1. Fundamental Right
To assess Parents' challenge to Subsection 5325(2) as unconstitutionally infringing on their due process rights, we must first determine what parental prerogative is being infringed by allowing grandparents standing to seek court-ordered custody. I agree with the majority that Subsection 5325(2) implicates parents' fundamental right to be free from litigation regarding their children, especially in light of the nature of child custody litigation and the negative effects it can have on children. See Maj. Op. at 15 (explaining that the strain caused by child custody litigation itself can be an infringement of a parent's rights). Therefore, allowing grandparents to come into court infringes on parents' fundamental rights to raise their children, and specifically, their right to keep their children out of court, including during the time prior to the court reaching the merits of the case. It is worthy of emphasis that throughout child custody proceedings, children may be required to participate in physical and mental examinations, be present for home evaluations, provide in-court testimony, etc.
2. Compelling state interest
Because of the fundamental rights at issue, the next step in the analysis is to define the compelling state interest. It is beyond cavil that the state has a “longstanding interest in protecting the health and emotional welfare of children.” Hiller v. Fausey, 588 Pa. 342, 904 A.2d 875, 886 (2006). Of course, “protecting ․ children” implies there is something we are protecting them from. Thus, in my view, in order to conduct the last step of the analysis, which is to determine whether the statute is narrowly tailored, we must first define the specific harm to children against which the legislation seeks to protect.1 To that point, we are not looking for whether children are at risk of any harm when their parents separate or divorce. Of course, separation and divorce place children at some risk. Rather, because Subsection 5325(2) provides grandparents standing to further a relationship with their grandchildren, the statutory provision seeks to redress harm to children as a result of the lack of such relationship.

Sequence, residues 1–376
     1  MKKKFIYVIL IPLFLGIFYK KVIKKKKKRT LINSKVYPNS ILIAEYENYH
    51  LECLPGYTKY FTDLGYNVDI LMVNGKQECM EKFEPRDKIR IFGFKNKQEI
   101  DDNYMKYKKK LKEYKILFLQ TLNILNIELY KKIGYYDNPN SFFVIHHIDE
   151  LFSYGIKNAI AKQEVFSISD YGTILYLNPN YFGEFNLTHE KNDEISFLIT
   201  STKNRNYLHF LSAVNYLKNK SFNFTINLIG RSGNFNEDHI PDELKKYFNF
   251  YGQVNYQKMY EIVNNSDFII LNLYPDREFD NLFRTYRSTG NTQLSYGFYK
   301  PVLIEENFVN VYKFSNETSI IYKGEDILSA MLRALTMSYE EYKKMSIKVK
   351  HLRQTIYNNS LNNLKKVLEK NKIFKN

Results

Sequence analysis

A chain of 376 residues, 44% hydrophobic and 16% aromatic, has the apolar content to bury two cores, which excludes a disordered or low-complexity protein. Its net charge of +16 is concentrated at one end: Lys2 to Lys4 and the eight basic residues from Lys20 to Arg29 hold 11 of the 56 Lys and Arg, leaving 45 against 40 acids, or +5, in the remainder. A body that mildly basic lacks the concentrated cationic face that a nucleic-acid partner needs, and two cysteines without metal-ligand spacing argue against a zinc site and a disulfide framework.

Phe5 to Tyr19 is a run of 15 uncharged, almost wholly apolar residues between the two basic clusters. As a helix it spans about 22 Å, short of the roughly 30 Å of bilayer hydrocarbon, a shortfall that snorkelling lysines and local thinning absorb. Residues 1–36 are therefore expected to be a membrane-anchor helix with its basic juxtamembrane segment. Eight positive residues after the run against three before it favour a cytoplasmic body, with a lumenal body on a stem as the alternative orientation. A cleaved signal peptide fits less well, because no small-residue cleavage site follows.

3. Narrowly tailored
While Subsection 5325(2) may embody a fair policy decision, we nevertheless must determine whether the state's infringement on parents' rights is narrowly tailored to protect children from harm. As discussed above, the infringement at issue here is forcing parents to litigate and justify their custody decisions. The harm sought to be cured is any harm caused by parents limiting contact between grandchildren and children. Thus, for the statute to be narrowly tailored, it must ensure that grandparents may hail parents into court only when the grandparents allege they have been precluded from seeing the children and that lack of relationship has caused or will cause the children harm.
I acknowledge that the legislature attempted to tailor the standing statute to situations where children might be particularly benefitted by grandparent relationships by limiting its application to children of separated or divorced parents. However, Subsection 5325(2) is not narrowly tailored to situations where the state's infringement on parents' rights is necessary because nowhere in the standing statute does it require grandparents to plead that they have been precluded from seeing their grandchildren and that such preclusion will harm the children. Instead, once grandparents have standing under Subsection 5325(2), the court must take into consideration three factors: 1) the amount of personal contact between the child and the grandparents prior to the filing of the action; 2) whether the award interferes with any parent-child relationship; and 3) whether the award is in the best interest of the child. 23 Pa.C.S. § 5328(c)(1). Directing a trial court merely to consider whether the custody award will interfere with a parent-child relationship is not the same thing as precluding such award unless it is necessary to protect the child. These factors do not require a showing of harm to the child before a court may order custodial time for grandparents.